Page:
- CFA Exams
- 2024 Level II
- Topic 9. Portfolio Management
- Learning Module 44. Economics and Investment Markets
- Subject 4. Credit Premiums and the Business Cycle
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Subject 4. Credit Premiums and the Business Cycle PDF Download
We now add the credit risk to the basic pricing equation for corporate bonds.
expected loss = probability of default x (1 - recovery rate)
γit,s represents the credit premium demanded by investors.
There is uncertainty about the cash flows in the above equation.
During a recession the probability of default will rise and the recovery rate will be lower, causing a higher loss rate.
Both government and corporate bonds are subject to interest rate risk. However, corporate bonds also embody credit risk. The credit spread is the difference between the yield on a corporate bond and that on a government bond with the same currency denomination and maturity.
The business cycle has a profound effect on credit spreads.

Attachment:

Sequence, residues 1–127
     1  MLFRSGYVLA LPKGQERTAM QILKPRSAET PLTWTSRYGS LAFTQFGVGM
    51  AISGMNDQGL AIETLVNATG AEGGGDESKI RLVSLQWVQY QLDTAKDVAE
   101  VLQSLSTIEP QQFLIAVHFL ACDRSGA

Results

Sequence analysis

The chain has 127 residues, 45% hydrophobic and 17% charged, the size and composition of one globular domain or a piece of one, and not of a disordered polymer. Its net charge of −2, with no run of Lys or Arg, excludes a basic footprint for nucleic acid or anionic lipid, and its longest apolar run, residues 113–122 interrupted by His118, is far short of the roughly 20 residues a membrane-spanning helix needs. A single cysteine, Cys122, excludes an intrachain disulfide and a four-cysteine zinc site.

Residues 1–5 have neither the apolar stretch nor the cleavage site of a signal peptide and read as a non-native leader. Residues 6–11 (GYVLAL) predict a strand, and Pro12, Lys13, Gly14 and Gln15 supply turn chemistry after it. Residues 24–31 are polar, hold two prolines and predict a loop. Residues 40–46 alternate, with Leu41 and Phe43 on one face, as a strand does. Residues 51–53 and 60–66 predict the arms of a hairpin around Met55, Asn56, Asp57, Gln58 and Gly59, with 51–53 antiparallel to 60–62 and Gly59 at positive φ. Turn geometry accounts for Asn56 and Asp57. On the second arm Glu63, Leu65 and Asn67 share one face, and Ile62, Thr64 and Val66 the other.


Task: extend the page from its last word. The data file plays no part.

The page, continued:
- Credit spread tends to rise in times of economic weakness, as the probability of default rises.
- Credit spread tends to narrow in times of robust economic growth, when defaults are less common.
Credit spreads are not constant. They will evolve with the business cycle because spreads with different ratings very often have different sensitivities to the business cycle. For example, when credit spreads are narrowing, the rate of improvement will tend to be greater for lower-rated corporate bonds. At these times investors seem to be less concerned about credit risks.
The converse is true. Credit risky bonds tend to perform poorly in bad economic times. That's why investors demand a credit premium. Specifically, the credit risk premium demanded by investors tends to rise in times of economic weakness, when the probability of a corporate default and bankruptcy is highest.
Industrial sector also affects a corporate bond's credit spread. The sensitivity of a corporate bond's spread to changes in the business cycle and the level of cyclicality tend to be positively correlated. For example, companies in the consumer cyclical sector are more sensitive to the business cycle than companies in the non-cyclical sector, and credit spreads of their bonds tend to widen more in bad economic times.
When spreads widen, the spreads on bonds issued by corporations with a low credit rating will tend to widen most.
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